Wednesday, March 9, 2011

Monday, March 7, 2011

Why is pollen yellow?

A (very) recent editorial out in the Journal of Biogeography makes a very interesting link between why pollen tends to be yellow in a great majority of plant species, and another, more popular question. Namely, why are there so many species in the tropics?

Bee Speed!!!
Busy bee doesn't bother thinking about such things

First, let's tackle the question of why pollen is yellow.

The short answer is, pollen is yellow because they contain compounds that make them yellow. Sounds obvious, but stick with me. These compounds are a class of chemicals known as flavonoids, which are also abundant in citrus. Aha! But the more difficult question is, why are plants packing their pollen with this stuff?

Well flavonoids are known to have UV-B protective properties. They might help protect the plant's gametes from accumulating harmful mutations.

White Rose
Plant uses sunblock to prevent those unhealthy mutant babies.

Right! Second question: Why are there so many species in tropical rainforests? There are a few ideas on how this happens, namely that the tropics are a cradle (species are "born" faster), or a museum (species go extinct slower than in other places).

Confused? Read this. It'll help.

What John Flenley proposes in his editorial is that the reason why there are so many species in the tropics is connected to UV-B radiation. Plants (and animals!) in the tropics, especially those at the top of mountains, are exposed to higher levels of UV-B radiation than anywhere else. This may lead to higher levels of mutation, which may provide the genetic variation (the "stuff" evolution works on) within species for faster speciation.

Tropical rainforest
Like giving evolution a 120-pack crayola box instead of a 8-pack to colour with.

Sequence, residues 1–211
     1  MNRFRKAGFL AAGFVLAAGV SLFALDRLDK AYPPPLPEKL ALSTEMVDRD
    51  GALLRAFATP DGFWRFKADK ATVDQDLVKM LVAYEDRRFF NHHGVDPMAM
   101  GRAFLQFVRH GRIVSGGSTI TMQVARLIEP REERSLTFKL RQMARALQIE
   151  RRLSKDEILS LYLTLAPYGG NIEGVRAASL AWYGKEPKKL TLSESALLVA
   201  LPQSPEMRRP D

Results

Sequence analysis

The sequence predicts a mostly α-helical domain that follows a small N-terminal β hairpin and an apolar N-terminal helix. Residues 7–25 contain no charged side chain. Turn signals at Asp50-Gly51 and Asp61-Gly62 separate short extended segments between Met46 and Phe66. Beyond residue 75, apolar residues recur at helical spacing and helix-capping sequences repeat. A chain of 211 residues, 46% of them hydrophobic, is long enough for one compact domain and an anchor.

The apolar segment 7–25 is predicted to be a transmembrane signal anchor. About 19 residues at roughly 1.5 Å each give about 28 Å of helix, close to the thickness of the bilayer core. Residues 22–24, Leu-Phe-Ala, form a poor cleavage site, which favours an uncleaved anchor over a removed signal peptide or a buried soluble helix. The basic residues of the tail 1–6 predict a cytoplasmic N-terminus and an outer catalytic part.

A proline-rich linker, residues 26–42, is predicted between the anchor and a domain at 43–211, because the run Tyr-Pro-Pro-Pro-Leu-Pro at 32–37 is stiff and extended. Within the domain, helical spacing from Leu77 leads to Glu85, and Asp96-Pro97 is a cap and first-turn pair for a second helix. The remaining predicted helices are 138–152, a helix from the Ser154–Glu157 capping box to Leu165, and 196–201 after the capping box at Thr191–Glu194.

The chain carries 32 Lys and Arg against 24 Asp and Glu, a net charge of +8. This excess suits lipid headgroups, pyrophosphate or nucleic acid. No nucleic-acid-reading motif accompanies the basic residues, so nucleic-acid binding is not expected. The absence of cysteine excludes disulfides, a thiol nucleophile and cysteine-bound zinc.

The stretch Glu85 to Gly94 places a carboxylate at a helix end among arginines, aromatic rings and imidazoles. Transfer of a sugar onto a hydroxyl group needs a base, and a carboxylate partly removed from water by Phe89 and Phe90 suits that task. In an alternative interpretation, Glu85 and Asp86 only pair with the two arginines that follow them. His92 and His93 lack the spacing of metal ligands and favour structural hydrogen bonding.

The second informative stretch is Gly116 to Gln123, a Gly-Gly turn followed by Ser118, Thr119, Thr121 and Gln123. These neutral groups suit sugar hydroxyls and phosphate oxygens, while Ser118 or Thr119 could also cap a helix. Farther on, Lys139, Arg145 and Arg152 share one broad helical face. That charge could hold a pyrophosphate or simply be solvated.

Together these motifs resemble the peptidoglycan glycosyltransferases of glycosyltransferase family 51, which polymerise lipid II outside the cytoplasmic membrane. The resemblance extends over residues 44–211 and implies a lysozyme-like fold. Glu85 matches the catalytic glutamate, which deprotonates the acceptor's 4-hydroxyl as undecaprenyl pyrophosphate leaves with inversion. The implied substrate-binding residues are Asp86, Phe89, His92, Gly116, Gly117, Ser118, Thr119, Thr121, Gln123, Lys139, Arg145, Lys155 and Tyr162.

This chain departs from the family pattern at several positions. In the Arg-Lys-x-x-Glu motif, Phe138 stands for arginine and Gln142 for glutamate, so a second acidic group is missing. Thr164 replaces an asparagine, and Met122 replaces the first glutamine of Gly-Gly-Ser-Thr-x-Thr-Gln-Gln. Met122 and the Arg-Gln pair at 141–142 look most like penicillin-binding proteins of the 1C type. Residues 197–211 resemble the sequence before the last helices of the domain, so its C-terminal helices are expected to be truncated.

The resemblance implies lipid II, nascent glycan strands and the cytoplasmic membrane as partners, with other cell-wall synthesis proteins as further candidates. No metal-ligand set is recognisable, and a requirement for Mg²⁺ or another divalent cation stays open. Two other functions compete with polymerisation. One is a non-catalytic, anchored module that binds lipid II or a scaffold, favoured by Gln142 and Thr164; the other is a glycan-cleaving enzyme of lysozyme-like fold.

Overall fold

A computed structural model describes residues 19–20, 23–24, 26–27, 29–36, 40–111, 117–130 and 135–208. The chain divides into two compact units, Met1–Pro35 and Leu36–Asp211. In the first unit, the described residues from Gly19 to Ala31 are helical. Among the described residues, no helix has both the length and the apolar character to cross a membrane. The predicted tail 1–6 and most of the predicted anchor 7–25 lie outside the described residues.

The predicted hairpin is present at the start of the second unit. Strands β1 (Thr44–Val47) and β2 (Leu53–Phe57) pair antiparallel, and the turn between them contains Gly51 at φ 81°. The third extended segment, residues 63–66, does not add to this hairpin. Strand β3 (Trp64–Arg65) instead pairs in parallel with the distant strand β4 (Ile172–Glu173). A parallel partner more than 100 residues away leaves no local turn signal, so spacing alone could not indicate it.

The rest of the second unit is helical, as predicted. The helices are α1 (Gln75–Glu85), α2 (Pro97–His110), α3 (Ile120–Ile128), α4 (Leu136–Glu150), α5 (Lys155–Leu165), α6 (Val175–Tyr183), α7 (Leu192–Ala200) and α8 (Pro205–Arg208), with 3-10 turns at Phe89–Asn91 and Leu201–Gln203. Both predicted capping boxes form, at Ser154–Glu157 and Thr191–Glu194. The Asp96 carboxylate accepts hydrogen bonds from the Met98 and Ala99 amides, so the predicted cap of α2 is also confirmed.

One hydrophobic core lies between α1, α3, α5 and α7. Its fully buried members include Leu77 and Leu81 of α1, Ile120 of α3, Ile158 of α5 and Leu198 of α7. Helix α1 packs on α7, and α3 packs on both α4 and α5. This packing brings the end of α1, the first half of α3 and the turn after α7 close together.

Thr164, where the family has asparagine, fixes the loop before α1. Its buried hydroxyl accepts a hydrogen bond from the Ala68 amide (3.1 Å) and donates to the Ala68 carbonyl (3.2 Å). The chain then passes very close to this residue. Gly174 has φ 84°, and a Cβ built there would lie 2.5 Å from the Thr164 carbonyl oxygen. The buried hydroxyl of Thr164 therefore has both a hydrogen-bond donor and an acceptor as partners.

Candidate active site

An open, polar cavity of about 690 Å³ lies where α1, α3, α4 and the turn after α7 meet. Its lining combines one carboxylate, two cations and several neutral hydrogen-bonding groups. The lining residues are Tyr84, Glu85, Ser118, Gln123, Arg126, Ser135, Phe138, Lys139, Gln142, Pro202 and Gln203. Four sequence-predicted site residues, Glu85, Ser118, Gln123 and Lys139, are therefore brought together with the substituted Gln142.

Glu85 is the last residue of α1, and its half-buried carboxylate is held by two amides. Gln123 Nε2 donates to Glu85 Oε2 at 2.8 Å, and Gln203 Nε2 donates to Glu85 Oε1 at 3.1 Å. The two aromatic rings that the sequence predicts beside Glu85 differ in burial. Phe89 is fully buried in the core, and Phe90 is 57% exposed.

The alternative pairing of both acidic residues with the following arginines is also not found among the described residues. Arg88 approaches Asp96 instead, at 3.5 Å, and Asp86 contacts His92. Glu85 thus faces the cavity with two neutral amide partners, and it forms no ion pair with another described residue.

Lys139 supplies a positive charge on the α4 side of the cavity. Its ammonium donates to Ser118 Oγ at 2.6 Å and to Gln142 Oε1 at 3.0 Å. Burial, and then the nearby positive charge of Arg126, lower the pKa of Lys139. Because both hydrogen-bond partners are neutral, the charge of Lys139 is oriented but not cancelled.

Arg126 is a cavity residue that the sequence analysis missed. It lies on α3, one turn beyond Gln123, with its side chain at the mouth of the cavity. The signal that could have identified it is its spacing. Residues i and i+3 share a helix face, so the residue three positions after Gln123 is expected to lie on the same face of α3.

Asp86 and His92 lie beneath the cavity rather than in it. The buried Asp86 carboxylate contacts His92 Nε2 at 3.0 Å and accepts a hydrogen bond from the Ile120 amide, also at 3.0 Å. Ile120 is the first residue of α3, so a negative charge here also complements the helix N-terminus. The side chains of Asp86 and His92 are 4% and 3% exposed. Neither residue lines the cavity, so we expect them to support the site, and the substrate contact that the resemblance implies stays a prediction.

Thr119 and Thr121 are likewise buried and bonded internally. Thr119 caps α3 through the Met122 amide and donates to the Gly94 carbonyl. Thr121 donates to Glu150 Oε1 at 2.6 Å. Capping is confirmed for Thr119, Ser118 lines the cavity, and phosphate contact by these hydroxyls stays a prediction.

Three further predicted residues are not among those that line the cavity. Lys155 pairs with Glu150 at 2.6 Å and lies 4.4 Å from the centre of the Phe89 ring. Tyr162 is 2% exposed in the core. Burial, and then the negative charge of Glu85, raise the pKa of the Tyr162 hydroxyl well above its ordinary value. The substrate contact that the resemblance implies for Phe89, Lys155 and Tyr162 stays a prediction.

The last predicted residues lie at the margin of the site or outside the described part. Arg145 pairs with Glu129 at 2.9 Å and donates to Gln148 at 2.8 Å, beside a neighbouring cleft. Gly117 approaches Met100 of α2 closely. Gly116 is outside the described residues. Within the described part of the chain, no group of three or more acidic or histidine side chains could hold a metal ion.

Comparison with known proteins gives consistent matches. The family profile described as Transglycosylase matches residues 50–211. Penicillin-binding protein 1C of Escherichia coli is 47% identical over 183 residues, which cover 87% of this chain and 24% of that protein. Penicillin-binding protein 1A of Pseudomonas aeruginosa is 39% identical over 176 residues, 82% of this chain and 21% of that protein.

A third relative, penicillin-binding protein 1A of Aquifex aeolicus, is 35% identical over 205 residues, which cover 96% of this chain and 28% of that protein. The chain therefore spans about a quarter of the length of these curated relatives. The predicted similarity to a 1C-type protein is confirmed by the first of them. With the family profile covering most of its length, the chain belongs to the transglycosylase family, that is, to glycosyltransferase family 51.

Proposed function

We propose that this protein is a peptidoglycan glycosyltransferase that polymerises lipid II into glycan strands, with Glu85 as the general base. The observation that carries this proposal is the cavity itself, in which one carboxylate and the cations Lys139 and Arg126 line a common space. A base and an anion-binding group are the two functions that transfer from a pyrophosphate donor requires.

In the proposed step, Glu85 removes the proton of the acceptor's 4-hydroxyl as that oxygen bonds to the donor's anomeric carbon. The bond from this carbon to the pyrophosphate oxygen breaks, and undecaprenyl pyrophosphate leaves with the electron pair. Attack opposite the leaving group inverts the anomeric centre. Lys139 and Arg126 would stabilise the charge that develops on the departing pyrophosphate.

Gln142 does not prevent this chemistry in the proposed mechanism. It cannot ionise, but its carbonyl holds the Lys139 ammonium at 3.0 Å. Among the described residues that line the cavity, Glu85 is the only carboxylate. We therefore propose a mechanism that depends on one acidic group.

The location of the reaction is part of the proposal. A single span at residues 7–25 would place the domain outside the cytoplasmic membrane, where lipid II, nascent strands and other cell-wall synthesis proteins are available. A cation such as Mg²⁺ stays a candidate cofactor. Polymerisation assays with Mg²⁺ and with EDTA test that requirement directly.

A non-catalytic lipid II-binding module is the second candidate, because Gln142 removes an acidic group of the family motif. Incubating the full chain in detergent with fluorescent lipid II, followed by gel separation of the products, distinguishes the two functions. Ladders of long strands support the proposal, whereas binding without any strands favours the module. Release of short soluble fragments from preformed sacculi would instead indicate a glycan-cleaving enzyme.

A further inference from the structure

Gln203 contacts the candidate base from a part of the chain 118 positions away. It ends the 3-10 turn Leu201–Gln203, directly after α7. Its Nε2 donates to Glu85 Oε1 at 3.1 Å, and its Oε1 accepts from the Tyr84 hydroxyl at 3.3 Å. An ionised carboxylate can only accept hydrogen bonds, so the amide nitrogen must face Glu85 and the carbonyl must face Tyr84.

Just a little food for thought, the next time you look at/pick/smell that that flower or eat an orange.

Further Reading:
Flenley, J. R. , Why is pollen yellow? And why are there so many species in the tropical rain forest?. Journal of Biogeography, no. doi: 10.1111/j.1365-2699.2011.02480.x

Sunday, March 6, 2011

Sunday shiny

The Blaschka glass collection of invertebrates and plants. (Click on photos for flickr galleries)

Glass Flowers: Dahlia tenuis


Glaucus longicirrus

Saturday, March 5, 2011

Quick note

I know this blog was set up to be an arthropod outreach thing, but guess what? One of the two contributors has jumped kingdoms to plants.

So in the interests of not letting this blog die a lingering death from neglect, I'm going to willfully modify the prior assumed arthropod centric focus to arthropods AND plants.

So yes, this blog is still backbone-free.

What's awesome like Batman?

Behold, the Bat flower.

Tacca chantrieri
I mean, just look at that.

When we think about flowers, we usually think of something attractive and/or sweet smelling, like a rose or a lily or a daisy, with bees and butterflies busily feeding on their nectar or pollen. However, this leaves out a great majority of plants whose flowers have adopted different strategies in order to attract other, less well known pollinators, such as flies or even mammals such as shrews or bats. You might know of the Rafflesias, which smell like rotting meat and attracts carrion flies.

Bat flowers, or Devil Flowers (genus Tacca) get their common name from their unusual bat-like (or demon-like) appearance, not because they are pollinated by bats (those have a coolness all of their own). These are members of the yam family (Dioscoreaceae).

...Wait, yam?

Yep, bet you didn't see that coming. A yam. But whatever yam you're thinking, you're probably wrong. The subject of another post!

These are found in tropical Africa, Southeast Asia and Australia, showing that the tropics are just chock-full of oddness! There is some controversy about how exactly these plants are pollinated, because while they look like they're pollinated by flies, a recent study finds that they seem to be perfectly happy self-pollinating.

Tacca Chantrier
Does this look like a plant that does not play well with others? Wait, don't answer that.

Some of the more evolutionary biology-inclined among you are probably already asking: If these plants are happy selfing, then why so much fuss and bother producing these spectacular flowers?

I don't know either. But I would like to find out.

Further reading:
Predicting mating patterns from pollination syndromes: the case of "sapromyiophily" in Tacca chantrieri (Taccaceae)